Friday, September 19, 2008

Brother Can You Spare A (Million) Dime(s)?

There are still displaced people from Hurricane Katrina and folks standing in line for food and water after Hurricane Ike, but look how quickly the Bush Administration rides to the rescue of Wall Street in an election year. Amazing how Government can work when it sees a real need. Anybody got a trillion dollars to help pay down the budget deficit?

Biggest Bailout Ever: Did the Government Go Too Far? (Yahoo Financial)

Posted Sep 19, 2008 10:39am EDT by Henry Blodget in Newsmakers, Recession, Banking
After a few weeks of trying to stand tough in the face of demands for a wholesale rescue, Hank Paulson apparently couldn't take it anymore. So now we'll have the biggest bailout in history, including:
A huge RTC-like government garbage can that banks can throw all their toxic balance-sheet waste into. (This time, the transfer will be made before they go bankrupt, unlike the case with the first RTC -a.k.a. the Resolution Trust Corp., a government agency created in the late 1980s to liquidate the assets of failed Savings & Loans)
A temporary ban on shortselling.

A federal guarantee on money-market accounts. (Including non-recourse loans to banks to buy high-quality commercial paper and meet money-market obligations.)
Not surprisingly, the market's up huge on this news. The moves should head off a run on money-market funds, restore liquidity to the financial system, and, create a general "time out" for the panic to recede.

So what are the costs? Almost certainly:

Higher taxes

Higher interest rates on government debt

Bigger government deficits

When the alternative is the entire financial system going bankrupt, we guess these costs are acceptable. But we're not convinced that that was the alternative.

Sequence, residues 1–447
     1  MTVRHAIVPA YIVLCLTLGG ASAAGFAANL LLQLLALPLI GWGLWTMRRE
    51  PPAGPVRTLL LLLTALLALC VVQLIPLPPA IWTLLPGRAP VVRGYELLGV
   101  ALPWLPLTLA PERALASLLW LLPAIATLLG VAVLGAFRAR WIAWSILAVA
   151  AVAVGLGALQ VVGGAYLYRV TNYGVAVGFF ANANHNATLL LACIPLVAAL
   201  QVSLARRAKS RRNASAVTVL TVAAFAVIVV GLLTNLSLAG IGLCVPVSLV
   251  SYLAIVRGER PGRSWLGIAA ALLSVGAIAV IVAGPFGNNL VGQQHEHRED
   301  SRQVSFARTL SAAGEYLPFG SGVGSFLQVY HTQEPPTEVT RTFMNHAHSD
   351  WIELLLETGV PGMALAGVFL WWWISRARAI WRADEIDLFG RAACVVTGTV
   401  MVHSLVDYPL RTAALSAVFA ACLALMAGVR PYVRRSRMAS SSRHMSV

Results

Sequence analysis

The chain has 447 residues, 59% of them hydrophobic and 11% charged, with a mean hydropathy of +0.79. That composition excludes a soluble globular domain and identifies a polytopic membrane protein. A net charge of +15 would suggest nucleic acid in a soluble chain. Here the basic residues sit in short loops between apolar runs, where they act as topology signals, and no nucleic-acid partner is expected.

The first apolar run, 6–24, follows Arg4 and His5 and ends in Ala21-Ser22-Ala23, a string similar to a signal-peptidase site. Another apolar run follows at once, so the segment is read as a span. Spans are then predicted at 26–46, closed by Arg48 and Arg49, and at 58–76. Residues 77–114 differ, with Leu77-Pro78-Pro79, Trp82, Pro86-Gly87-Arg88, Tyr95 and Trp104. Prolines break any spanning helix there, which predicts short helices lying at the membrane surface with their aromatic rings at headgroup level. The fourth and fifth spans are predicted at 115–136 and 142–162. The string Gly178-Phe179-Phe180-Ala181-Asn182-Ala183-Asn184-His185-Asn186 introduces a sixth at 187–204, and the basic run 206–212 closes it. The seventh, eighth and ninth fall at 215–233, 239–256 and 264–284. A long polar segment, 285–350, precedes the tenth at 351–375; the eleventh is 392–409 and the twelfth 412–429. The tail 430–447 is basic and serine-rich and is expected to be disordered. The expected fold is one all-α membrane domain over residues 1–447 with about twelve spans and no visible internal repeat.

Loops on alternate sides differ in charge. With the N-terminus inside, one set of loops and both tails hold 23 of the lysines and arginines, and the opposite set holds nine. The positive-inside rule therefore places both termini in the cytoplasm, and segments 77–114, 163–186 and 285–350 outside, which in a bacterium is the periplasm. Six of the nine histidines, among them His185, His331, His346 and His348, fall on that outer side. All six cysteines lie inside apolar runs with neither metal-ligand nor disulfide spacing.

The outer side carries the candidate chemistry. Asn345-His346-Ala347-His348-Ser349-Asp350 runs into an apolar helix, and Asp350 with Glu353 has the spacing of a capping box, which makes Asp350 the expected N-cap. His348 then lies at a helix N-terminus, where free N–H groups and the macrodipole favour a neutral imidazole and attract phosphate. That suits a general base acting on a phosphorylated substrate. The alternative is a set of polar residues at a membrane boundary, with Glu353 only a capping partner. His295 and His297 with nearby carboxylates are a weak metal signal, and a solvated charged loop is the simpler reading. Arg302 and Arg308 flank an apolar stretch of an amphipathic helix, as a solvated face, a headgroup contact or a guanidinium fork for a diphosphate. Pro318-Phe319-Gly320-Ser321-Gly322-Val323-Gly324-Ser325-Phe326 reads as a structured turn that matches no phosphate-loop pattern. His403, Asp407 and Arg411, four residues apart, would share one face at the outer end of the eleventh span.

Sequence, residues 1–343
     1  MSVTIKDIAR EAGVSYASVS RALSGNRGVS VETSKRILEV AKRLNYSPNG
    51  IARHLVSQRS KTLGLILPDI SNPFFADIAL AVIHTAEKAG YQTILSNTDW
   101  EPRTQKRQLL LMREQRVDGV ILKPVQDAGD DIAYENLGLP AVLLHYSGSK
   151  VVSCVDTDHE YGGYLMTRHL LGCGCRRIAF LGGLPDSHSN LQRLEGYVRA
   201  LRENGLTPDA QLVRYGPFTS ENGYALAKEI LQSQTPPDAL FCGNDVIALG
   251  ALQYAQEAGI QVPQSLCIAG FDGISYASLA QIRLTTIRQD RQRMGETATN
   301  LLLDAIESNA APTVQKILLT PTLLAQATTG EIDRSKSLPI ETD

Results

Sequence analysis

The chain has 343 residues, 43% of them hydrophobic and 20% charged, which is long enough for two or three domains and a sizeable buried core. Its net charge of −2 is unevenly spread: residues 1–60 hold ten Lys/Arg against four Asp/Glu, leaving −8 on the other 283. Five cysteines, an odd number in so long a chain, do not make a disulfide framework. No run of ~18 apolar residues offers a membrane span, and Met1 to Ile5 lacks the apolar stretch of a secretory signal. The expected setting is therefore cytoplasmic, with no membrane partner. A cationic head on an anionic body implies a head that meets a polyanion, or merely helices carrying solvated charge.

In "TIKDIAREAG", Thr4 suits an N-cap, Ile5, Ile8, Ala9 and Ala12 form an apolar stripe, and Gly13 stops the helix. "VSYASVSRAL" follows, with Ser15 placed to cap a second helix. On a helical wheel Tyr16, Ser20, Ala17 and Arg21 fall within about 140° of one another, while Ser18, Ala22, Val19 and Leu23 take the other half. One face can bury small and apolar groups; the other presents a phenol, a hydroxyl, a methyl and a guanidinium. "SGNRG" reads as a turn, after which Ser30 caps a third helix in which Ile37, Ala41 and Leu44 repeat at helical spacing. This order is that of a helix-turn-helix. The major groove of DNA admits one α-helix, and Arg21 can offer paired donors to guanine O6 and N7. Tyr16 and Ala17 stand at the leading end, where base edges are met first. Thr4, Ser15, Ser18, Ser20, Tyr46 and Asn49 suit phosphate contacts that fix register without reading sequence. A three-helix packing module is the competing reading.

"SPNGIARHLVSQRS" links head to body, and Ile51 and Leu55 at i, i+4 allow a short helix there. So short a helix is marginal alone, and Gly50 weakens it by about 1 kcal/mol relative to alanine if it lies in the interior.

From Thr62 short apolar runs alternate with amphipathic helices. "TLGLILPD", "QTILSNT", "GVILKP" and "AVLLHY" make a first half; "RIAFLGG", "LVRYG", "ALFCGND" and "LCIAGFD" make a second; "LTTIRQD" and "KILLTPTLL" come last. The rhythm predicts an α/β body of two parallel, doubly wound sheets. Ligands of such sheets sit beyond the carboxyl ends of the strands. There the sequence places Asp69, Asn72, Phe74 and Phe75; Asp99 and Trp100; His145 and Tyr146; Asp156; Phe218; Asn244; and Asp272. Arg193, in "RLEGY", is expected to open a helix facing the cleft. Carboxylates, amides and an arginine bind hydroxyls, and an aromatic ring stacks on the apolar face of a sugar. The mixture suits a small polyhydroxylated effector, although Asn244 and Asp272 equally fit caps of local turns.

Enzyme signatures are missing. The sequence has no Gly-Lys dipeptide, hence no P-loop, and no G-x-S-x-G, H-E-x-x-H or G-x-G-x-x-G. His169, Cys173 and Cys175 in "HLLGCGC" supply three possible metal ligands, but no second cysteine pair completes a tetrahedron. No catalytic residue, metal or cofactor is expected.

Stocks Soar as Investors Look to Gov't Rescue Plan (Associated Press)
A plan to help financial companies excise bad mortgage debt from their ledgers likely would alleviate much of Wall Street's uncertainty about credit worthiness that has been sending the markets into tumult over the past week. Lending grinded to a virtual standstill in the wake of this week's bankruptcy of Lehman Brothers Holdings Inc. and the bailout of teetering insurer American International Group Inc.

The government took other steps Friday to restore stability to the financial system. The Federal Reserve said it will expand its emergency lending and let commercial banks finance purchases of asset-backed paper from money market funds. The Fed injected another $20 billion in temporary reserves into the U.S. financial system. The central bank also will buy short-term debt obligations issued by Fannie Mae, Freddie Mac and the Federal Home Loan Banks.

And to help calm investors' anxieties, the Treasury Department has decided to use a Depression-era fund to provide guarantees for U.S. money market mutual funds. Money market mutual funds are typically considered safe, but many investors have been fleeing them due to worries about the funds' exposure to souring corporate debt.
To help limit the freefall in financial stocks, the Securities and Exchange Commission on Friday enacted a temporary ban on the short-selling of nearly 800 financial stocks.

"The federal government has been petitioned by Wall Street to take evasive action in the money markets, the stock and bond markets, to avoid a complete meltdown of the credit system," said Battipaglia. "Once the credit system melts down, the economy falls. We can hand-ring about if this is the proper thing for the government to do, or if Wall Street pulled the panic button too soon, but that's something for the historians to sort out."

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